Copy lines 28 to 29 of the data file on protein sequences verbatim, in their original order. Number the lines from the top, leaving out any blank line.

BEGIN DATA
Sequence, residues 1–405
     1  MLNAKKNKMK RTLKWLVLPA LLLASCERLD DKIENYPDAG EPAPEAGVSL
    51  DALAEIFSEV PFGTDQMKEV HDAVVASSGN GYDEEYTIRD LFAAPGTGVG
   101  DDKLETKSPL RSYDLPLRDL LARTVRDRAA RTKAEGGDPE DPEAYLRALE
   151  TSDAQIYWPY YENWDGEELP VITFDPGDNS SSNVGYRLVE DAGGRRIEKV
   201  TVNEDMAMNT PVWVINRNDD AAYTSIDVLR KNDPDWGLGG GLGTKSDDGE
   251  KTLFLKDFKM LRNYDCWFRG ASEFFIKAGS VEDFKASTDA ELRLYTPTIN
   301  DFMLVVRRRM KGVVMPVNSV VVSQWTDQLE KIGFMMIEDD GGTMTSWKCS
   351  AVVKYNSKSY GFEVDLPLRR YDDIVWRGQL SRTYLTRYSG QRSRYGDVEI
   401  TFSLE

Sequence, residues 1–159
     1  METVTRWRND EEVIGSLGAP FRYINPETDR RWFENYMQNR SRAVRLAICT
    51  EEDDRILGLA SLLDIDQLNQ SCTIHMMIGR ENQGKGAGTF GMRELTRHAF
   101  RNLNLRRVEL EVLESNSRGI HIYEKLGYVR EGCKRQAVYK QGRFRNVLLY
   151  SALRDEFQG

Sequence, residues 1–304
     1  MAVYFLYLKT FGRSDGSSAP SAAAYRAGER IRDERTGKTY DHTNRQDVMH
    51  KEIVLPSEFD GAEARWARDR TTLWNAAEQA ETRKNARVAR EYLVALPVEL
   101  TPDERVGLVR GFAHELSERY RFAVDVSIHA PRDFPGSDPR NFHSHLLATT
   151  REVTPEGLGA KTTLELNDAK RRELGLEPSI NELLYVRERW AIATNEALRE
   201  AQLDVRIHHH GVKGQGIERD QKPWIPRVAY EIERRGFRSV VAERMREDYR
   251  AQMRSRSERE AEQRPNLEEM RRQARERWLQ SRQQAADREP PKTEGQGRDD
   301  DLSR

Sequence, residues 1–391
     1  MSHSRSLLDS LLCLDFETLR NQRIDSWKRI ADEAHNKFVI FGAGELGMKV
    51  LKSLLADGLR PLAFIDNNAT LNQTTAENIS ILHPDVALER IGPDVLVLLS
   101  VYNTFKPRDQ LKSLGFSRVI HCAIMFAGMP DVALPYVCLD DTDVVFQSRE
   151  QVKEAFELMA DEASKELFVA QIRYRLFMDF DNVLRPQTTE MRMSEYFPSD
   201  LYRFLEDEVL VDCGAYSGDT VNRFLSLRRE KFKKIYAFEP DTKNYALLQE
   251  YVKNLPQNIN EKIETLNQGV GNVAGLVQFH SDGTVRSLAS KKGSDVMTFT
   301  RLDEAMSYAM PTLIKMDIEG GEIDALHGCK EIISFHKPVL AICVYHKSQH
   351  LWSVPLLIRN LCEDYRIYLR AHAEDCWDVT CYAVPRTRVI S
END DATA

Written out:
   151  QVKEAFELMA DEASKELFVA QIRYRLFMDF DNVLRPQTTE MRMSEYFPSD
   201  LYRFLEDEVL VDCGAYSGDT VNRFLSLRRE KFKKIYAFEP DTKNYALLQE